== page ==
April 6, 2016
Emerson Student Startup Plenish Aims to Revolutionize Grocery Shopping

As the annual Emerson College E3 Exposition quickly approaches, startups and venture ideas in the school’s 2016 class are getting ready to compete with each other for startup funds. One of the concepts that has caught our eye is Plenish.

At one time or another, everyone’s gone to the grocery store, left their list at home, and forgotten what food items they have in their fridge or pantry. That’s why Emerson seniors Jacob Forchheimer and James Carr have come up with Plenish, a way for consumers to know what they do and don’t have in their fridge when heading out to the grocery store - no list required.

Plenish allows users to monitor food consumption, eliminate food waste, and automatically order new groceries straight from their smartphone. Not only does Plenish track inventory in your fridge, but it also monitors expiration dates to alert you when certain items need to replenishing. Plenish works via a series of scales that are placed underneath everyday items inside your fridge.

“We started with an idea as simple as having an egg tray in your fridge that sensed each individual egg and notified you when the eggs were over,” says Plenish Co-founder Carr.

When asked about the biggest pain point they’re aiming to solve, both founders referred to their mothers as their primary target audience.

“As a kid, I would just take things out from the fridge and my mum would always say, “Where has all this gone?” and never be updated on what was left in the fridge/pantry,” says Plenish Co-founder Forchheimer.   

Grocery shopping, reinvented

For now, Plenish is targeting consumers, but Carr and Forcheimer say the vision for Plenish is much larger. Plenish fits other pain points and demographics as well, specifically the food and beverage industry.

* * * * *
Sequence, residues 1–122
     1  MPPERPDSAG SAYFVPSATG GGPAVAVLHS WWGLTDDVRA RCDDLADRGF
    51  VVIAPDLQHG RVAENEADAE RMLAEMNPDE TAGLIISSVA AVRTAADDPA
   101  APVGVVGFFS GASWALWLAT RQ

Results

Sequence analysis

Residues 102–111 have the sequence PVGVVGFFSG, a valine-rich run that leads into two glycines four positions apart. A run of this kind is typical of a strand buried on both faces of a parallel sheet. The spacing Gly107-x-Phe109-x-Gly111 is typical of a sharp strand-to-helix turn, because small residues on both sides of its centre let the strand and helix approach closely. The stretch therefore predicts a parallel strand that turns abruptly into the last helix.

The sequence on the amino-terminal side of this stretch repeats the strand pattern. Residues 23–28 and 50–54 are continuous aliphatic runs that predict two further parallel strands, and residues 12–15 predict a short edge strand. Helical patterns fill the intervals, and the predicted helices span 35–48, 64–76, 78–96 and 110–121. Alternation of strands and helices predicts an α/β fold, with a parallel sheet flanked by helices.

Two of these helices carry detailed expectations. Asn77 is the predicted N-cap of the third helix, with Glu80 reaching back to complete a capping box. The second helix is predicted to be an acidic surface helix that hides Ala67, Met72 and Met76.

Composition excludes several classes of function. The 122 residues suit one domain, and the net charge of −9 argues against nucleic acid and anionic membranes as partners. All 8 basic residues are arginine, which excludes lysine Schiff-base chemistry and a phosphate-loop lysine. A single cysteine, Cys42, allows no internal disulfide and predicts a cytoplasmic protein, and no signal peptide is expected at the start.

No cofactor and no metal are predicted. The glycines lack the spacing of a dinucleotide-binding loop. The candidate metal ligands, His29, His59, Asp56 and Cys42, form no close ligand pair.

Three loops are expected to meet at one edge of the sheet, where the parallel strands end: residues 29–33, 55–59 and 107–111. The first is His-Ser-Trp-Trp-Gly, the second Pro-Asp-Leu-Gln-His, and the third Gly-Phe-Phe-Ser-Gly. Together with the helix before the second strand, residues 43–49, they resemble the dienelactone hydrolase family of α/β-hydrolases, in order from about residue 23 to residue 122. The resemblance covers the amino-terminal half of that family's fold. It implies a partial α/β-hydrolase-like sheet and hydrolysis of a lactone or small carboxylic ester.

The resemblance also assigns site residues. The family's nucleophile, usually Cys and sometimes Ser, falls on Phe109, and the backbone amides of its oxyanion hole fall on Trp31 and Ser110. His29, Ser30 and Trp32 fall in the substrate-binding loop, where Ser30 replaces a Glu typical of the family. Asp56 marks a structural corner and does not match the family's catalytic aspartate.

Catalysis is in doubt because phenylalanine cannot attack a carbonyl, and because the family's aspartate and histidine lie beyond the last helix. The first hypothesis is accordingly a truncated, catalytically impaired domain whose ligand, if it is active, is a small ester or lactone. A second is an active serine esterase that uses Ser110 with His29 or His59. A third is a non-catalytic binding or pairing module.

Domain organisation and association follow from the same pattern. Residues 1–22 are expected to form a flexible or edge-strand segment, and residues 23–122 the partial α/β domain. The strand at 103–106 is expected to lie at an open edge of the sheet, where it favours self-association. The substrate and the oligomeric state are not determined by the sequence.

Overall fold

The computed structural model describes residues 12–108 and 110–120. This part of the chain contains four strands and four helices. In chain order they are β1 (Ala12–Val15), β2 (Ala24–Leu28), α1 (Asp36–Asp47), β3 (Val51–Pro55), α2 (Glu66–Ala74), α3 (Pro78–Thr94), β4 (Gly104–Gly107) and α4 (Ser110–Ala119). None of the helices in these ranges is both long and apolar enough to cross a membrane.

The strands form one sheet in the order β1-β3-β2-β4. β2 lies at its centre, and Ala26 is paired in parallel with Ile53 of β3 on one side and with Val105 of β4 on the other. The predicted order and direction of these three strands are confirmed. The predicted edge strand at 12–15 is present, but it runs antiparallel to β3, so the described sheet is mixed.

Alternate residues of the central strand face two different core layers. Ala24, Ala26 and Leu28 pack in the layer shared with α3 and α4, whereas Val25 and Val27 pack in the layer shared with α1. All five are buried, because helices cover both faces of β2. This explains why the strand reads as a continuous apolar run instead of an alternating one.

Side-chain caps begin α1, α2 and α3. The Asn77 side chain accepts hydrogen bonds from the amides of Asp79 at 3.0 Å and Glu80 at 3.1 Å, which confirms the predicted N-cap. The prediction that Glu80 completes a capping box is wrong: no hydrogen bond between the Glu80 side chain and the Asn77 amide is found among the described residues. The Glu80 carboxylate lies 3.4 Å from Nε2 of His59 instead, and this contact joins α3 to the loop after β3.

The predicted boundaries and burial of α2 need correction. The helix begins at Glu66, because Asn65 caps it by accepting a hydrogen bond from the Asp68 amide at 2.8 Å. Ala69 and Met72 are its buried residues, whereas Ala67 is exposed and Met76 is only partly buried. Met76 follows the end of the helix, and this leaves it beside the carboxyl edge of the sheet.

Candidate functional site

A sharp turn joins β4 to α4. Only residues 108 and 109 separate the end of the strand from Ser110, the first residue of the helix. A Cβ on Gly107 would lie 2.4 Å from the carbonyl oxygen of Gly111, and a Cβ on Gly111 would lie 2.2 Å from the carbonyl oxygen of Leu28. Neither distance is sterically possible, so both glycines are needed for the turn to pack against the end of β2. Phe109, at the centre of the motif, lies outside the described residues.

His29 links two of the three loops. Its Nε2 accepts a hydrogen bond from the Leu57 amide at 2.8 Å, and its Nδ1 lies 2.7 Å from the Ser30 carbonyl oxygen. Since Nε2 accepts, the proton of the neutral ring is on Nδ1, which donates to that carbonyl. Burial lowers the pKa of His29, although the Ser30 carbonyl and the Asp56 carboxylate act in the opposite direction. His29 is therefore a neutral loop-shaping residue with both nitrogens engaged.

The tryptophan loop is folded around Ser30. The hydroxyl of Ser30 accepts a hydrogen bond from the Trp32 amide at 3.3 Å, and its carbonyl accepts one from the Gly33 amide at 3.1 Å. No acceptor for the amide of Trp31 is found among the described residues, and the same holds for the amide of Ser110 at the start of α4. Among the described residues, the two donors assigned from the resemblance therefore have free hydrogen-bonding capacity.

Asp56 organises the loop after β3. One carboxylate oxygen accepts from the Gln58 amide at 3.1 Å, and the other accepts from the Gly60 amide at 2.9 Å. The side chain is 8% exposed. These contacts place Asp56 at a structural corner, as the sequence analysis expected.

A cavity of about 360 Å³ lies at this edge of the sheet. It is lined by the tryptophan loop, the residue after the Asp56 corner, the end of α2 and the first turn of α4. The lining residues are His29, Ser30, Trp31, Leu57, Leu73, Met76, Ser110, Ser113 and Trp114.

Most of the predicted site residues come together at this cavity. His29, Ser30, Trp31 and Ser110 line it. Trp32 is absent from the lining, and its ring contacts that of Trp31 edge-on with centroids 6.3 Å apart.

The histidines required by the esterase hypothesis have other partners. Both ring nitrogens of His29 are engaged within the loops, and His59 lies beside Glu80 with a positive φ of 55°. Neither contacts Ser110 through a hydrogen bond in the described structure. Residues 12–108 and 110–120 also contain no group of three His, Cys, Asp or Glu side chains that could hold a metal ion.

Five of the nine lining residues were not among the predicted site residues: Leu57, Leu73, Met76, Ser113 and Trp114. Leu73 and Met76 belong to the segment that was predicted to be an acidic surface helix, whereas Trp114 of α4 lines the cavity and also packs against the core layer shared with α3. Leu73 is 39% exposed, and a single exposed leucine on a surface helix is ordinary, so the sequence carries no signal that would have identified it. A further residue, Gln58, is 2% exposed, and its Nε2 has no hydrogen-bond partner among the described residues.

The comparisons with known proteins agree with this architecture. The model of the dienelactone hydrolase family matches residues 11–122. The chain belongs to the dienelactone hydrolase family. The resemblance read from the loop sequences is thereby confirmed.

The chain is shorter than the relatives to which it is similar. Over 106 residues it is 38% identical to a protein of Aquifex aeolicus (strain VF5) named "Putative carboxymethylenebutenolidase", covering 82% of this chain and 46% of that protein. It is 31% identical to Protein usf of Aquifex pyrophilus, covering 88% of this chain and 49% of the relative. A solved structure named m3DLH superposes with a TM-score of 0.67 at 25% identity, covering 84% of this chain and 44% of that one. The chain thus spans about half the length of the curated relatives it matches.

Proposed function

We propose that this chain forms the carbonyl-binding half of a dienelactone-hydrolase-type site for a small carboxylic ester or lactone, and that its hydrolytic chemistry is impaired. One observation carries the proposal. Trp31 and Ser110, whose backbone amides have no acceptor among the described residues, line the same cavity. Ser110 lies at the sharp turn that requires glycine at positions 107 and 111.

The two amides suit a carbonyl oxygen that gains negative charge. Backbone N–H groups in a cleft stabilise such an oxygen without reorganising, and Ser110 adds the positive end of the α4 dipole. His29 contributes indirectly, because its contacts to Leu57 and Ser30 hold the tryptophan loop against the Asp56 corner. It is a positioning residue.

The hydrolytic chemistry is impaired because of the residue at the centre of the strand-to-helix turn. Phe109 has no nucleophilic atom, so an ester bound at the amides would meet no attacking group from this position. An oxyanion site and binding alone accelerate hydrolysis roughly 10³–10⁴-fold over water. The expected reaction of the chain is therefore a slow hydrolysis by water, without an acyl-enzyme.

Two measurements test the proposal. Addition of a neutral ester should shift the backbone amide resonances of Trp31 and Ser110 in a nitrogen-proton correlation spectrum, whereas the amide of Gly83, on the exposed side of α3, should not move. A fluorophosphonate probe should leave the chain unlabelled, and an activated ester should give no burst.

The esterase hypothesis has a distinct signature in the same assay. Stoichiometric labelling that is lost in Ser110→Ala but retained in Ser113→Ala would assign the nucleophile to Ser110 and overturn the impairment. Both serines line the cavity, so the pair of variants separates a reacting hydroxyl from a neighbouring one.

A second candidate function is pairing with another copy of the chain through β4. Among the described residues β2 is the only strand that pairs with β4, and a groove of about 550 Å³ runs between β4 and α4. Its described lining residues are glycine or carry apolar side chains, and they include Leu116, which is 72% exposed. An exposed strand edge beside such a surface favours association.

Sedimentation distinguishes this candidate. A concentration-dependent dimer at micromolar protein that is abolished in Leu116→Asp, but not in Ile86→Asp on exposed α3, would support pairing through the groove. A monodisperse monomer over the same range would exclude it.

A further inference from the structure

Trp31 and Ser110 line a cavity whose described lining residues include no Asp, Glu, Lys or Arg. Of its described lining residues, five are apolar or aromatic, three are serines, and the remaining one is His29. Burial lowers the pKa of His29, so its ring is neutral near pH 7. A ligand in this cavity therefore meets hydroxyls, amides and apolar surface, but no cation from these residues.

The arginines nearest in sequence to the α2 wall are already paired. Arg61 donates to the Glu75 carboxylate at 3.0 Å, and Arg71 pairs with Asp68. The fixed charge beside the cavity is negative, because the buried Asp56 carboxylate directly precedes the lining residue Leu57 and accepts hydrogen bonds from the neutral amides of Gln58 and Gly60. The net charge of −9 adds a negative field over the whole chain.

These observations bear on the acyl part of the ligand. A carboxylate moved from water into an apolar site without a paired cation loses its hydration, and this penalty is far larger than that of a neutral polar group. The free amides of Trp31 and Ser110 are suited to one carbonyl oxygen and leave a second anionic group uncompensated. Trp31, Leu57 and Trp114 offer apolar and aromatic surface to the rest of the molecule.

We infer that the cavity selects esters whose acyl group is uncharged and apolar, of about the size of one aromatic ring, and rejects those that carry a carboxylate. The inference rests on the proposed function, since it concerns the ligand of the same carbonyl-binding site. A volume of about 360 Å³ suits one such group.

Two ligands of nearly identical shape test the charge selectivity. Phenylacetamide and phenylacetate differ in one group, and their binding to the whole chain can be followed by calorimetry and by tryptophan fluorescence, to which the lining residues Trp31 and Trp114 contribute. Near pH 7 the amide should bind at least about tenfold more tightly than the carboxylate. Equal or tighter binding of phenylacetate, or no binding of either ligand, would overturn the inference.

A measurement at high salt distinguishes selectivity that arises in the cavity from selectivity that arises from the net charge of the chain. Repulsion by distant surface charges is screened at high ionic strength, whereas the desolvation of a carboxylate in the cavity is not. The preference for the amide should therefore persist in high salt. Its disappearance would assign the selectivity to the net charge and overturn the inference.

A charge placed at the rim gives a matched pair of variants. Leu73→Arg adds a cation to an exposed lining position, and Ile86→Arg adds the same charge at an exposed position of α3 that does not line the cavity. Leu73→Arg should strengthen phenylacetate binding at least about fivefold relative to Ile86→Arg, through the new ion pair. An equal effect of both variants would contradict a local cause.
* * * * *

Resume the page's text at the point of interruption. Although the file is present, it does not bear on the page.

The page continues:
“Creating partnerships with various cafes, bars, and restaurants is one of goals down the road, even if it’s as simple as providing the scales for the milk at the coffee stand,” says Forchheimer.

The way they envision Plenish to work is simple. First, consumers must purchase the scales followed by downloading the app that syncs with them. Once a food is synced within the app, the timer begins. After that, the app does all the work,, alerting users when the fridge needs restocking or when the milk has expired. Another capability the app has is detecting location. If it detects a user is near a grocery store, it will automatically notify them of what they don’t have at home.

The popularity of the kitchen tech scene is growing and co-founders Carr and Forchheimer feel they are stepping in the right industry. Even though the pain point Plenish is solving might not be as personal to them as it would be to their mothers, they are confident it could help consumers of all ages change everyday habits.

Manisha Tolani is a recent graduate of Emerson College, where she studied marketing, communications, and entrepreneurship. Follow her on Twitter: @manisha_tolani

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